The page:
No Child Left Behind: Where Do We Go from Here Backgrounder No. 1775Report as inadecuate




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Heritage Foundation

This publication raises several points of discussion concerning the No Child Left Behind (NCLB) Act and its future. Two years after its enactment, NCLB implementation proceeds by trial and error. Its ultimate success or failure remains unclear. Adequate Yearly Progress (AYP) and teacher quality requirements are not always compatible with existing state systems. These difficulties call into question the efficacy of establishing a federal standard to govern 93,000 public schools. Congress missed the opportunity to enact significant programmatic flexibility for states. Some districts have not given students in underperforming schools adequate access to better performing schools or tutoring, frustrating parents and threatening to stall the only market-driven engine in the act. The report asserts Congress should resist special interest demands for more funding, ensure effective implementation of parental choice and tutoring options, and enact greater flexibility in the next reauthorization. Sections in the report include: (1) Where We Have Been; (2) The Making of the NCLB Act; (3) The Hard Part: Implementation; (4) Second Thoughts; and (5) Some Next Steps.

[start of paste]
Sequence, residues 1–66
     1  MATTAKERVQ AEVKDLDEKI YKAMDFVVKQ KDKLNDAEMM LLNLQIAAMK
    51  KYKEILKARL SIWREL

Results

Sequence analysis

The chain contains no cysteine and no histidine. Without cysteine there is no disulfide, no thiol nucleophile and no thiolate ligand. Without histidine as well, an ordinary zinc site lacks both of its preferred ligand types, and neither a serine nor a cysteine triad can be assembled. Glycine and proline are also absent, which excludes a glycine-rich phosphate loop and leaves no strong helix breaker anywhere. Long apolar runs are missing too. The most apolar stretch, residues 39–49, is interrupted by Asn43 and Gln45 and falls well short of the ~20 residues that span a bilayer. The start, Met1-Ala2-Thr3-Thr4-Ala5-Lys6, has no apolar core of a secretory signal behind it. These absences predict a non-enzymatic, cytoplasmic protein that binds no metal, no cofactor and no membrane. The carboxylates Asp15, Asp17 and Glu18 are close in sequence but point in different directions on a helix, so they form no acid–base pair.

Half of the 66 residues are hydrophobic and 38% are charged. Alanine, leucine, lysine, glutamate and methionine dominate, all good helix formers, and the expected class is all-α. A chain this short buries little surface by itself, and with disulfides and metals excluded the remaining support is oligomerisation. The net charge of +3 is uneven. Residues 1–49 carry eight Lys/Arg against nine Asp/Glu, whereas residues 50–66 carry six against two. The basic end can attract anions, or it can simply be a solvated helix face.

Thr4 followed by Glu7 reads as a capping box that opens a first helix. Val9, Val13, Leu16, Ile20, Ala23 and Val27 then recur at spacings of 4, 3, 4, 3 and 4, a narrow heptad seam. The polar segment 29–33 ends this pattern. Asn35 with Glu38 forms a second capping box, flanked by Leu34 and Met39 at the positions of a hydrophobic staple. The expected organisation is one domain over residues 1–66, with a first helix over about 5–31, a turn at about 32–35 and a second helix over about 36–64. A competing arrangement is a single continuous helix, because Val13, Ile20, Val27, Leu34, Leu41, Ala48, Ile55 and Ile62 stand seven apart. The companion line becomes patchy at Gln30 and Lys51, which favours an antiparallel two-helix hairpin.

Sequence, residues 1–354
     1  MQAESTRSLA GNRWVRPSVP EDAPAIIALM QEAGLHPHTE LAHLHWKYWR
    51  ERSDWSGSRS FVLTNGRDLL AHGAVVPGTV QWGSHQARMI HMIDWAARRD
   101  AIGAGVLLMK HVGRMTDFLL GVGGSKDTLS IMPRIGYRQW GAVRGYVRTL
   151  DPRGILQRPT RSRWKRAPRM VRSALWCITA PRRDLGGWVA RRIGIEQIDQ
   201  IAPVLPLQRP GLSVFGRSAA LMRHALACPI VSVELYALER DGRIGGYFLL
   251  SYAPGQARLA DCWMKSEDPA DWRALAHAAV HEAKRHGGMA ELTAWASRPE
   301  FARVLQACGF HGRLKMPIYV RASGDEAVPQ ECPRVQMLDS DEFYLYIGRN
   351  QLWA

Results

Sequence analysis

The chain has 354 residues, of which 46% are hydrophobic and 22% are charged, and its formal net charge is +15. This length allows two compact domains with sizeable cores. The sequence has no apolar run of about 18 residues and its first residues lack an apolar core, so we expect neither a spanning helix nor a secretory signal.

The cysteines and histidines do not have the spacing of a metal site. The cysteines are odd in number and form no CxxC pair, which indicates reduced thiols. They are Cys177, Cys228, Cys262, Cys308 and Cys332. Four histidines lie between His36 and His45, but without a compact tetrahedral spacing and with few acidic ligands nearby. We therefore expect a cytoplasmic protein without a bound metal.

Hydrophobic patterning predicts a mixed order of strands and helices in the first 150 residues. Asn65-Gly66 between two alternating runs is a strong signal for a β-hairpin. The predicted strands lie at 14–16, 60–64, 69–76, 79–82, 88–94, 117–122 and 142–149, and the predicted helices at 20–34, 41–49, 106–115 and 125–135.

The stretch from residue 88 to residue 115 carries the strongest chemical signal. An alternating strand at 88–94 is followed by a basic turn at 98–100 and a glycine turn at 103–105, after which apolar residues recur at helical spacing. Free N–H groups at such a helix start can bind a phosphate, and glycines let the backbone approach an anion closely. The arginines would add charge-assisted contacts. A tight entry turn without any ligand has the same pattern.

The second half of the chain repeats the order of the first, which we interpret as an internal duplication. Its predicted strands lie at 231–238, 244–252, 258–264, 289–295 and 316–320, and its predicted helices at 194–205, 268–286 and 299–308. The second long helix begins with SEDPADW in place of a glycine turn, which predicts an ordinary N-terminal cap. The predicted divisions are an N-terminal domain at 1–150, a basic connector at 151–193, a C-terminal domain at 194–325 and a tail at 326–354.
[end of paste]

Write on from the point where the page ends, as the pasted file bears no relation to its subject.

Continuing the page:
Descriptors: Federal Legislation, Educational Legislation, Academic Standards, Academic Achievement, Accountability, State Standards, Student Evaluation, School Choice

The Heritage Foundation, 214 Massachusetts Ave., N.E., Washington, DC 20002-4999. Tel: 202-546-4400; Web site: heritage.org.





Author: Kafer, Krista

Source: https://eric.ed.gov/?q=a&ft=on&ff1=dtySince_1992&pg=8099&id=ED483841







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